A climate change activist who tied himself to the goalpost during last season’s Premier League match between Everton and Newcastle has been given a six-week prison sentence.
Louis McKechnie, 21, denied aggravated trespass and going onto the playing area at the game at Goodison Park on March 17, but was found guilty at a trial at South Sefton Magistrates’ Court on Friday.
He told the court he was hoping to save lives through his actions, which saw him use a metal-enforced zip tie to attach himself to the goalpost by his neck.
Sentencing him, District Judge Wendy Lloyd said: “I have no doubt from what you have told me that you’re passionate about your cause. Not very passionate about football, apparently.”
She said his actions were “reckless” and “potentially very dangerous”.
He was given a six-week prison sentence for aggravated trespass, but the court heard he had already served that sentence, having been in custody since July.
Simon Jones, prosecuting, said McKechnie entered the pitch at the Gwladys Street end of the ground at the beginning of the second half in the match against Newcastle.
McKechnie, wearing an orange Just Stop Oil T-shirt, was on the pitch for about 10 minutes while stewards attempted to remove him, Mr Jones said.
Footage filmed for a YouTube video showed McKechnie walking down the steps in the stand and climbing over a gate to get onto the pitch, as one fan shouted at him: “F*** off you blert.”
The court heard the match was extended by 14 minutes following the disruption and Everton scored the only goal of the game in the ninth minute of stoppage time.
Pc Colin White, who arrested McKechnie after he was carried off the pitch, told the court one supporter attempted to assault the activist.
He added: “At that time in the football season Everton were struggling so there was great frustration in the crowd already.
“When Mr McKechnie went onto the pitch and attached himself to the goalpost there was a lot of frustration, there was a lot of shouting, a lot of abuse and the occasional missile was being thrown onto the pitch in the direction of the goal.”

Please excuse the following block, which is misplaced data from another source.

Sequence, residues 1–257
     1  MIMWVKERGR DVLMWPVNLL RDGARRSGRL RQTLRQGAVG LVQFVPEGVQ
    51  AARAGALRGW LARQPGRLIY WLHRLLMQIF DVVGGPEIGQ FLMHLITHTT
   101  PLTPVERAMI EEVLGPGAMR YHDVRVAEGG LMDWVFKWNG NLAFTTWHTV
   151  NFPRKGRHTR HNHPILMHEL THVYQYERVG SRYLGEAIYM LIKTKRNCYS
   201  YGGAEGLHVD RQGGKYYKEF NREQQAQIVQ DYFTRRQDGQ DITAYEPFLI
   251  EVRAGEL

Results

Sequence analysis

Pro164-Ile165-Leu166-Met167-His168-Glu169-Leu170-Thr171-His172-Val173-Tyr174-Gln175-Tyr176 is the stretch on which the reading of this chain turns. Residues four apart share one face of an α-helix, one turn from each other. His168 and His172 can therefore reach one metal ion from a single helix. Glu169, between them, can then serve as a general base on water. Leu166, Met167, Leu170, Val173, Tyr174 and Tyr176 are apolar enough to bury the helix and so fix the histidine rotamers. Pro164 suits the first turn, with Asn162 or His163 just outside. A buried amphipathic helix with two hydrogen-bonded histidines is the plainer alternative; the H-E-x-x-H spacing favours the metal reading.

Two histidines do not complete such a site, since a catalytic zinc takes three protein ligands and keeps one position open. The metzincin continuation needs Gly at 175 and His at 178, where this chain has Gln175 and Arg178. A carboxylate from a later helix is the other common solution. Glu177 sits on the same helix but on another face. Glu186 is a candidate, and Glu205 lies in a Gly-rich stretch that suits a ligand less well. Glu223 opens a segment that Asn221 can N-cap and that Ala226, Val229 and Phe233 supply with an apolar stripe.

McKechnie told the court Just Stop Oil was a civil resistance group which wanted the Government to act to end the use of fossil fuels.
He said: “We came up with the idea of how do we get the most eyes on that name, Just Stop Oil, and of course, in this day and age, football is the biggest cultural phenomenon there is.”
The match he targeted was picked because Everton were playing Newcastle – a football team sponsored by oil company Saudi Aramco, he told the court.
McKechnie added: “Hopefully, public awareness will bring public action which might actually, if we can get the Government to listen to us, might actually save a lot of lives.
“If it’s a chance of saving a billion lives, it’s worth it no matter the odds.”
Laura O’Brien, defending, said McKechnie was responding to the climate emergency and what he believed were failing democratic processes.
She said: “While the world watches this billion-pound enterprise that is Premier League football, which people are captivated by, he is taking the message to them that we need to Just Stop Oil.”
The court heard McKechnie, who gave his address as HMP Altcourse, had previous convictions for aggravated trespass and wilfully obstructing the highway.
The protester was also given a £50 fine, or one day in detention, for going onto the playing area, made subject to a three-year football banning order and ordered to pay £500 towards prosecution costs.
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